Depending on the sector, the size of the company, and the corporate structure, project managers can be responsible for things like overseeing staff, explaining job expectations, and delegating duties.
They also need to have a broad skill set that includes competence in decision-making, time management, and conflict resolution. So not just the technical project management skills that are recommended by PMI or APM. And since no two days are ever really the same, project managers must always be on their toes so that they can deal with all sorts of situations as they materialize.
If you happen to be a project manager or aspire to become one someday, however, you also need to find some time in your hectic day to invest into your own career growth and development. For some tips on how to effectively manage your managerial career, read on for more information.
While organisational and strategic networking are important, so too is personal networking. It’s critical that you develop a network that can become an important source of not only personal development, but also referrals, job leads, and mentorship opportunities.
As you grow your network, which can include people from your company, professionals from elsewhere, and anyone else with whom you can find some commonality, you can benefit immensely. Consider the six degrees of separation theory, which suggests that anyone in the world can connect with anyone else in the world through a network of acquaintances that contains five or fewer intermediaries. While the jury is still out on whether or not this theory is scientifically accurate, you get the idea. Human contacts are important and can help you to get ahead in the workplace.
Know What You Want
If you want to effectively manage your career as a project manager, it helps to understand exactly what type of project management job you actually want – both now and in the future. Project Management is a very broad term that can encompass different things. Knowing what sort of responsibilities you wish to shoulder will give you an idea of the types of jobs you should be applying for and the sorts of people you should be adding to your personal network. Project Management career options include in-house projects, client facing projects, a whole range of different areas such as consulting, non-profit, and government which all give a different flavour of projects and the types of people required to manage them.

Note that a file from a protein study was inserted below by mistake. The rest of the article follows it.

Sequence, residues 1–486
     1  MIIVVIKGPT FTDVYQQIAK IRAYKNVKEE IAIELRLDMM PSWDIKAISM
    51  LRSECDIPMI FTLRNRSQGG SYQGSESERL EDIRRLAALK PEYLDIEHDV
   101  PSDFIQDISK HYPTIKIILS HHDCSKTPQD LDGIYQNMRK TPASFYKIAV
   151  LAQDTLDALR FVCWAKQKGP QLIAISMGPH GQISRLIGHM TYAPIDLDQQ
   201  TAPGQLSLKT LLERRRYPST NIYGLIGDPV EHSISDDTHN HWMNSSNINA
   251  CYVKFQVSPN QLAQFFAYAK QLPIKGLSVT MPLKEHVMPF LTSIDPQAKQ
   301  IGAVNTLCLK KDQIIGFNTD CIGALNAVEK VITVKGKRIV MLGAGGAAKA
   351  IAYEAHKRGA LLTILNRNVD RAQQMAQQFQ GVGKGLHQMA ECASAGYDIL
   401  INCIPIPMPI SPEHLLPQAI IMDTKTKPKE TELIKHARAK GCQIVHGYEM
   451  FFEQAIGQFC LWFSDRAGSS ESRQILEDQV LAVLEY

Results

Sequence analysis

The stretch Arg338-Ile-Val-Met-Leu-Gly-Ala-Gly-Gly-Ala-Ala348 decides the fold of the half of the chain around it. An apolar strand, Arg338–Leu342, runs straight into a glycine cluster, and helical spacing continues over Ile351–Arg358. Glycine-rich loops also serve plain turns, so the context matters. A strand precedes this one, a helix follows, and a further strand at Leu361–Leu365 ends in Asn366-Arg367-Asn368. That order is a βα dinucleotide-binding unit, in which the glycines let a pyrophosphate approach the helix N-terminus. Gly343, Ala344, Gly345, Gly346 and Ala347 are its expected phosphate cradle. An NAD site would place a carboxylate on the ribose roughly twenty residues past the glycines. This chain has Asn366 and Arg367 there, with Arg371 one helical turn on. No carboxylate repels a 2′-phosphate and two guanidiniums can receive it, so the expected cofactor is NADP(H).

So figure out exactly what you want out of your career, be specific and deliberate in your preparation for career opportunities you want, and then set a course that will help you to experience upwards career mobility.
Education & Training
One of the best investments you can make in yourself professionally is upgrade your skills through education and training. On the one hand, you could invest into going back to school to earn an MBA (one of the most common qualifications for a project management professional – insight taken from the Project Management Benchmark Report) or another degree that can enhance your skill set.
By going to a business school for an MBA, you can acquire the sort of skills that will increase your worth — and likely your salary — to your company. In fact, you may even get your company to foot at least part of the cost if you, among other things, agree that you won’t bolt to another company right after completing the degree. On the other hand, you could make use of every opportunity available to you to upgrade your skills and to acquire new ones at training sessions. Such occasions present great networking possibilities as well.
While you’re performing in your official duties as a project manager and are overseeing other workers, don’t forget to manage yourself as well. Career development has to be an intentional and purposeful effort on your part, so use your leadership skills to chart a course for your career.